Marjorie Prime – A short circuit between memory and imagination. (Theatre Review)
Ensemble Theatre 15 June – 21 July
Images: Lisa Tomasetti.
“The Memory” has befuddled scientists and philosophers and continues to do so today. Generally, it is accepted that the representation of the past seems to appear to be that of an image. We say interchangeably when we represent memory to ourselves that we have an image of it – an image that can be quasi visual or auditory. In addition to ordinary language, a long philosophical tradition considers memory the province of the imagination, the latter long being treated with suspicion. An example of this concern lies with Spinoza. We read in proposition 18 of the second part of the ‘Ethics: on the nature and origin of the soul:’ “If the human body has once been affected by two or more bodies at the same time, then when the Mind subsequently imagines one of them, it will immediately recollect the other also.” This sort of short circuit between memory and imagination is placed under the sign of the association of ideas: if these two affections are tied by section, to evoke one – to imagine it – is to evoke the other – to remember it. Memory, reduced to recall, thus operates in the wake of the imagination. Imagination, considered in itself, is located at the lowest rung of the ladder of fashions of knowledge. In Jordan Harrison’s Marjorie Prime, Tess’ (Lucy Bell) is concerned that using artificial intelligence to remember personal histories might impact the quality of the memory. When a hologram responds to her outrage with a question regarding the facts of their statement, she is indignant that they are called facts. Yet what memory is ever an accurate portrayal of a moment?
But surely this is Tess’ point. It is not the facts that are the problem, it is the perspective of the individual that retains the essence of them. Herein lies Jordan Harrison’s point. When Marjorie Prime speaks to Tess, Tess is not engaging with her mother, or even a facsimile of her mother. Rather she engages with a hologram building its own memories from pieces of information it is fed. The Prime’s are emergent AI, that is a form of intelligence that learns by reacting to a digital environment and evaluating the outcome according to its predetermined goals – a dynamic process that creates its own set of rules. Scientists in this field consider this learning process to be resembling the process of human memory described by Freud in object relational psychoanalysis. Emergent systems are now contributing to the way we interpret human memory, via shared theories across disciplines. The ultimate end of this is the image we take away from the play, of the three Prime’s speaking together as if they were the humans they emulate. Mitchell Butel places his three Prime’s in a triangle where they remember, forget and reorganise the detail of the lives they are programmed to emulate. It is at this moment, Jordan Harrison make the telling move of having the Prime’s recall facts without the interference of human emotive disruption.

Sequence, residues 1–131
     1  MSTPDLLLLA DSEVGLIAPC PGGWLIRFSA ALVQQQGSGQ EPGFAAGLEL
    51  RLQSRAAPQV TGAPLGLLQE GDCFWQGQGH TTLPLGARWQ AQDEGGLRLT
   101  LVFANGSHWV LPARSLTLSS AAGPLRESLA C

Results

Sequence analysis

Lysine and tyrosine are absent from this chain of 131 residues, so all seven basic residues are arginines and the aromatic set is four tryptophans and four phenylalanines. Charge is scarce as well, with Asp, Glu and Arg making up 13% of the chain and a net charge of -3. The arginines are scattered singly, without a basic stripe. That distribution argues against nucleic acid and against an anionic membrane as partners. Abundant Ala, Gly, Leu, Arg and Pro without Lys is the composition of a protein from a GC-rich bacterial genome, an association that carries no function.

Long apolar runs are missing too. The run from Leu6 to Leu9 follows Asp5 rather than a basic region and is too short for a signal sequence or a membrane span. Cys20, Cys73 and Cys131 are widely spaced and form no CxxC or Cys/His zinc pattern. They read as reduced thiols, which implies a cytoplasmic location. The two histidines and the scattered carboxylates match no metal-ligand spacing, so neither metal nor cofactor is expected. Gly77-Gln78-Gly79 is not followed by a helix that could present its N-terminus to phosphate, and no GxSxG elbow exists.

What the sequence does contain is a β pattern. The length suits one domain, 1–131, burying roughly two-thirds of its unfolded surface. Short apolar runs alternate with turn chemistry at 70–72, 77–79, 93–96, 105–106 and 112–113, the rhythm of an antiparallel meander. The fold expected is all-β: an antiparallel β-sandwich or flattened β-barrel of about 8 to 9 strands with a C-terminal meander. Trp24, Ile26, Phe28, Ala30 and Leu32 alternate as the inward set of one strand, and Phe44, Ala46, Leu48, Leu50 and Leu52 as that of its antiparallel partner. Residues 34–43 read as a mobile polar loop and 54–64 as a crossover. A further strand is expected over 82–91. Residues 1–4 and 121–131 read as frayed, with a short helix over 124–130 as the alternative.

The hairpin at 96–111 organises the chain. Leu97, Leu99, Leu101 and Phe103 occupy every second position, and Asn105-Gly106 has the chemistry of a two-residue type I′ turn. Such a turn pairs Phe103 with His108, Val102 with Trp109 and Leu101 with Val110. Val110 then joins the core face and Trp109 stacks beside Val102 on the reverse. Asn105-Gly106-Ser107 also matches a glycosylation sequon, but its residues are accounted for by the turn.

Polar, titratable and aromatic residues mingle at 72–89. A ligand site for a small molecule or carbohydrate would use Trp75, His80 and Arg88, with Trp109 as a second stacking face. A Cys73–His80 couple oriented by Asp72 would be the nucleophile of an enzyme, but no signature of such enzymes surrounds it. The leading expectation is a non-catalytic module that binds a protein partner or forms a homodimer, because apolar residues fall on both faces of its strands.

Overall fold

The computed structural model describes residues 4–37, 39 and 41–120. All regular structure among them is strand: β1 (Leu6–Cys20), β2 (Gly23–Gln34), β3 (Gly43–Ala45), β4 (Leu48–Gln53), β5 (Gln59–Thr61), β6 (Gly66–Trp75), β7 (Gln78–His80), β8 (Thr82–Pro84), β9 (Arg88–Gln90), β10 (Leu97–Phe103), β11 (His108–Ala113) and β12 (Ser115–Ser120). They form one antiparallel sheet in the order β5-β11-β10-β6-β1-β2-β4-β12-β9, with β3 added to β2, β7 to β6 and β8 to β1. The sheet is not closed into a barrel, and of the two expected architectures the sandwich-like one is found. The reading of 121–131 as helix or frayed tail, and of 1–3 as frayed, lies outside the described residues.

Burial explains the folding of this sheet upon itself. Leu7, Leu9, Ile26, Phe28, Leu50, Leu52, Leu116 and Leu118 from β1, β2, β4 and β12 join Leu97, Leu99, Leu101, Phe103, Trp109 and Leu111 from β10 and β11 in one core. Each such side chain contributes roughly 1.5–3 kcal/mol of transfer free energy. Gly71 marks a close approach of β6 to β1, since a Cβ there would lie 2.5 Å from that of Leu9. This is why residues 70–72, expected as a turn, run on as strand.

But what business is it of the Prime’s to remember and not forget? Is there a duty to forget? We have good examples in in the history of classical Greece where most cities at regular intervals elaborated amnesty as an institution. In one case, this was sanctified in a law proclaiming citizens should not evoke the memory of evil, or what was considered bad. Citizens promised to not remember something bad. We see in that, the true function of amnesty. Amnesty equally applies when a prisoner completes a certain sentence and their civic rights are reestablished. This signals the end of the punishment. It follows then, that we can organise amnesty which does not mean amnesia. Inside this, we see the duty to remember embodied in teaching and the duty to forget facilitates a possibility to go beyond anger and hatred. Yet these two aims are not compatible. Google has evoked the modern day German law of ‘The right to be forgotten’ – again a technological issue that has emerged as important in an age when our lives are documented according to a certain perspective and set in the stone of E footprints.
And this is the very conversation that Jordan Harrison wants us to have after our visit with Marjorie Prime. Maggie Dence is a luminous Marjorie, delicate in her ageing and beaming as the Prime compiled to resemble her. With enormous presence her age conveys that energetic enthusiasm of older people confronted with the colossal possibilities of technology combined with the wisdom of somehow having seen it all before. She is perfectly book ended by the performance of Lucy Bell as the complicated Tess, a troubled and intelligent woman who stands for our ethical questioning of the rapid movement toward a technical future. Lucy Bell brings a beauty to a role often dismissed as shrewish, and therefore gives a stereotype a much-needed upgrade. Richard Sydenham is completely lovable as the warm but rather lost husband of Tess, Jon and Jake Speer traverses the thin line between humanity and technology with remarkable dexterity. Mitchell Butel’s cast make an intricately woven narrative abundantly clear and they leave us with the plays giant themes rattling around inside, a thousand new questions for each potential answer.
Marjorie Prime takes place on a beautiful set by Simon Greer that artfully blurs the line between past and present. Alexander Berlage uses an understated lighting technique to allow for a cool artifice that reminds us people are warm and machines are not. All in all the entirety of Jordan Harrison’s fascinating enquiries are bundled into an engaging evening that allows yet another spin on the rapidly whirling business of contemporary ethics and our relationship to technology.